Sunday, April 11, 2010

Dependent Interdependence

I like this picture because it shows how we should function with each other within the church. As we all use our spiritual gifts to build up the body, we need to depend upon each other. This can be difficult for us in our ultra-independent society. However, we must remember that the bible is not a Western book, and our God is not a Western God.

The bible's description of the church is full of "one anothers" and "each others" because God's intent is for the people of the church to be interdependent - all upon one another.

As we are interdependent within the body, we must also be totally dependent: upon the Holy Spirit. In fact, the above picture could be improved if the word "Holy Spirit" was placed in the middle. That would show that those who depend upon one another ultimately depend on the power of the Holy Spirit in order to function how God wants us to as His church.

How can we do this? How can we be dependently interdependent? I think the key is to put our pride to the side and be willing to be served by others and learn from others. As we do this, we will be built up and others will enjoy serving. At the same time, we should serve and teach one another. It "cuts both ways."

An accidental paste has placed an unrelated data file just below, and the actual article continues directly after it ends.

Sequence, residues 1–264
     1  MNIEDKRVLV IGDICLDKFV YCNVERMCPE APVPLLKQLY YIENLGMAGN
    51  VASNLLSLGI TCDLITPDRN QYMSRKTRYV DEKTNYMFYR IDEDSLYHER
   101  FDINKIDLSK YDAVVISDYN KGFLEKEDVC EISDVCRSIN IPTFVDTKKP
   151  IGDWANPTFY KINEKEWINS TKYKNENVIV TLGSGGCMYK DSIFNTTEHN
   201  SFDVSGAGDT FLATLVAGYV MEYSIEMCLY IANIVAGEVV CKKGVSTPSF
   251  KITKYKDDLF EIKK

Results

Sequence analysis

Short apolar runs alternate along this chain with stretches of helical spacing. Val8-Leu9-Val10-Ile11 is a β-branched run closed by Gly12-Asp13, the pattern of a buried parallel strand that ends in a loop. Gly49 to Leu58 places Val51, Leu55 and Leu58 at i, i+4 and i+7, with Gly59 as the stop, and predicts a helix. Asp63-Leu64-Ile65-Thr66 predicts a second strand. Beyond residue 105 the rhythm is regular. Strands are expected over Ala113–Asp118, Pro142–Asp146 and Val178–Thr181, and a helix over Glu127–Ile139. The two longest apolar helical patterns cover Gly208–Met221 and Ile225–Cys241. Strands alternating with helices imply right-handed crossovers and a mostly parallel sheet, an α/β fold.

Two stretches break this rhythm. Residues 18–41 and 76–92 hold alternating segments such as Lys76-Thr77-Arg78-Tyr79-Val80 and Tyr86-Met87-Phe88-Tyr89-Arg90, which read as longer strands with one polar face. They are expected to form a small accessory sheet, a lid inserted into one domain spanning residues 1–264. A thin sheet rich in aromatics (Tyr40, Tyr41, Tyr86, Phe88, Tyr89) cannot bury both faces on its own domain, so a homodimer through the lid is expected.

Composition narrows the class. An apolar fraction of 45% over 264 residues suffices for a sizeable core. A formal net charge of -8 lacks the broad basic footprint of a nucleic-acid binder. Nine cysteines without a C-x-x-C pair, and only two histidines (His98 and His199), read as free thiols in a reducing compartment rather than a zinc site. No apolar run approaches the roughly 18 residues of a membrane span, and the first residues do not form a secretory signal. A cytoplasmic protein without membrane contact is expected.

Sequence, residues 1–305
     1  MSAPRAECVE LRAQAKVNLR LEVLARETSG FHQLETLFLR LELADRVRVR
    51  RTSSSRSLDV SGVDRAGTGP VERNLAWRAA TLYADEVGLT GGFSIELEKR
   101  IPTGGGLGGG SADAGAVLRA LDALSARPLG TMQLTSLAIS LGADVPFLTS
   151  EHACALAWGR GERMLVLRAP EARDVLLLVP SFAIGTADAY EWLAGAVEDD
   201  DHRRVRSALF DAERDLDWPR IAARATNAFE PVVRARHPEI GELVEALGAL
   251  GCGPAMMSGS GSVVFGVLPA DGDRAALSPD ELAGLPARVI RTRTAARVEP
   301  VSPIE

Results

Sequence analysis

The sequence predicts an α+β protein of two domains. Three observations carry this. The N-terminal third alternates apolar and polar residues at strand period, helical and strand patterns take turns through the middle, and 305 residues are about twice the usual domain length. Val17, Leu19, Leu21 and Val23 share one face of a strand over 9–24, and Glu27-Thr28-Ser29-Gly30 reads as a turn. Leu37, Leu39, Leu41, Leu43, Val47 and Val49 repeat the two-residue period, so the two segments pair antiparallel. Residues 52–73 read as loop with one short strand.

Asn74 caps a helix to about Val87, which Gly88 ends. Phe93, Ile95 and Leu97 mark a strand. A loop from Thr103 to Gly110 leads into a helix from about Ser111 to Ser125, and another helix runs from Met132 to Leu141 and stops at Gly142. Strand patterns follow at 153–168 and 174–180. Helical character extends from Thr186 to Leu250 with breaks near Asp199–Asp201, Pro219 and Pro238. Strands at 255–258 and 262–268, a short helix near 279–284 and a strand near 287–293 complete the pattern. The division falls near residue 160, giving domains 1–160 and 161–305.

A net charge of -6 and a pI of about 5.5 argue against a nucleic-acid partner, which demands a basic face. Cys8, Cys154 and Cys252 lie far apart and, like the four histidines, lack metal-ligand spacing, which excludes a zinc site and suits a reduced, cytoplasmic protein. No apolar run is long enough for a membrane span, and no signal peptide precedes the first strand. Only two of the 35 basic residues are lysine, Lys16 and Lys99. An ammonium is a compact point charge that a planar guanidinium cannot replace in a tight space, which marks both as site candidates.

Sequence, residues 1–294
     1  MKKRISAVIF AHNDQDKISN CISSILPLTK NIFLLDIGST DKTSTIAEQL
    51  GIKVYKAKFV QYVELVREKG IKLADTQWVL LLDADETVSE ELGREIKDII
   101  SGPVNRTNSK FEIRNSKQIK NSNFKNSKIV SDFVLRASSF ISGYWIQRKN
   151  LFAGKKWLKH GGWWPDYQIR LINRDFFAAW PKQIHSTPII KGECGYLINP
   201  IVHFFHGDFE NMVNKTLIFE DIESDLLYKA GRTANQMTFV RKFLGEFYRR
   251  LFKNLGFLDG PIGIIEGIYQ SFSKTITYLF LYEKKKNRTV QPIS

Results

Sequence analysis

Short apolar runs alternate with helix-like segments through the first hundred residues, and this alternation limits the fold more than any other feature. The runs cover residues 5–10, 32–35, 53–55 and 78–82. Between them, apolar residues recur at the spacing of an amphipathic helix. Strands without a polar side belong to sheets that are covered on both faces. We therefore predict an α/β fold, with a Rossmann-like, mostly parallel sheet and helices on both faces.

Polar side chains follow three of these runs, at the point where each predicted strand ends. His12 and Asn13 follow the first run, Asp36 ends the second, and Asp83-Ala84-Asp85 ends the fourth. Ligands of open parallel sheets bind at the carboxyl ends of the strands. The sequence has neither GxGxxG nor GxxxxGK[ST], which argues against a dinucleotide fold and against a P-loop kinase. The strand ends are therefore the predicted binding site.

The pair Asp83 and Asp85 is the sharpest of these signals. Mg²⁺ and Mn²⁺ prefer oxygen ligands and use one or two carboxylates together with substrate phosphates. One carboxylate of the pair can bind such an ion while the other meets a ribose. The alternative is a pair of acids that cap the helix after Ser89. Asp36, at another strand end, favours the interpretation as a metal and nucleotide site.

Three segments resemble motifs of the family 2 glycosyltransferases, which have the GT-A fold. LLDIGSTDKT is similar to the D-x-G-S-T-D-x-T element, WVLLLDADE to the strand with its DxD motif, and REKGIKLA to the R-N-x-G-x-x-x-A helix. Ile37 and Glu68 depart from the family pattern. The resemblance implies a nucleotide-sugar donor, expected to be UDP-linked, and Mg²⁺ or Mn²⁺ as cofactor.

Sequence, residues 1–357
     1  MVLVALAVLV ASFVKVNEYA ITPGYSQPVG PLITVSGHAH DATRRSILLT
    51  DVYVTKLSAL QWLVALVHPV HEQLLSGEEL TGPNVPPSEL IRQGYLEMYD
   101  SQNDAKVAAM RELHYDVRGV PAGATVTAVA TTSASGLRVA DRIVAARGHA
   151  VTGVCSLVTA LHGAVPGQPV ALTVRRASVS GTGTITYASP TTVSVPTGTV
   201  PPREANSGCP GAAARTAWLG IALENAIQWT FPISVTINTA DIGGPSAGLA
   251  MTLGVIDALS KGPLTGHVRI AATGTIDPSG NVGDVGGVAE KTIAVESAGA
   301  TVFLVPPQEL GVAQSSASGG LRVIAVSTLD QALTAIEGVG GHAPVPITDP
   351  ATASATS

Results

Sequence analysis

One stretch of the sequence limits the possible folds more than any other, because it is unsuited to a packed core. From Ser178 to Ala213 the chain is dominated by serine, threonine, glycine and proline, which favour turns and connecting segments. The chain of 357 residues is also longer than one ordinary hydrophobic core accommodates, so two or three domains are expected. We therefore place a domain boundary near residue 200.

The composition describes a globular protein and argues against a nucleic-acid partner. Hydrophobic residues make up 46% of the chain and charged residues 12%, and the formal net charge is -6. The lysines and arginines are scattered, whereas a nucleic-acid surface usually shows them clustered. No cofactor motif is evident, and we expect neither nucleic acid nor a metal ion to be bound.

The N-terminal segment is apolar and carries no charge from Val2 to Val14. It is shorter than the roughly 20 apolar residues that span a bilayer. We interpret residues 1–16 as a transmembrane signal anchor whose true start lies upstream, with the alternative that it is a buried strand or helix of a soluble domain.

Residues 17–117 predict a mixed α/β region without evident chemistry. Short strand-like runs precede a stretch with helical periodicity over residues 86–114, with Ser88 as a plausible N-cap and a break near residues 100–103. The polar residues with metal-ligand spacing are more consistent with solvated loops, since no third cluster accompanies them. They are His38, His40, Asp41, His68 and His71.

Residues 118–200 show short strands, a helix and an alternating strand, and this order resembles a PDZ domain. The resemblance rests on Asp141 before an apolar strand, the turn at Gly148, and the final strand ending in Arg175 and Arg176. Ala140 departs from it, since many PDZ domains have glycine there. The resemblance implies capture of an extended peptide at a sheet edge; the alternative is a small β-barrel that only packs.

One of the reasons the traditional church of the West simply does not work is that we are too independent. We do not rely enough on the Holy Spirit or on our brothers and sisters. Let us strive to be dependent people.


Aussie John said...


What can I say? So spot on.

Let the leadership set the example by losing the idea they are the only one who can "have a word to share", and that the development of the Body depends on them!.

Eric said...


Thank you. The more I read the bible, the more I see all leaders acting as servants. Pastors need to get out of the way so the church can see Christ.

Christiane said...

I like the picture, too.
It reminds me of a story from the Judaic tradition.

A man was shown two groups of people, both groups were handicapped in that they could not bend their elbows and their arms were always straight.

One group was 'in hell': they were all seated at a large banquet table but could not eat because they could not bring the food to their own mouths.

The second group was 'in heaven': same scene, a banquet table.
Except, here there was one difference. The people were able to eat: they were feeding one another.

Eric said...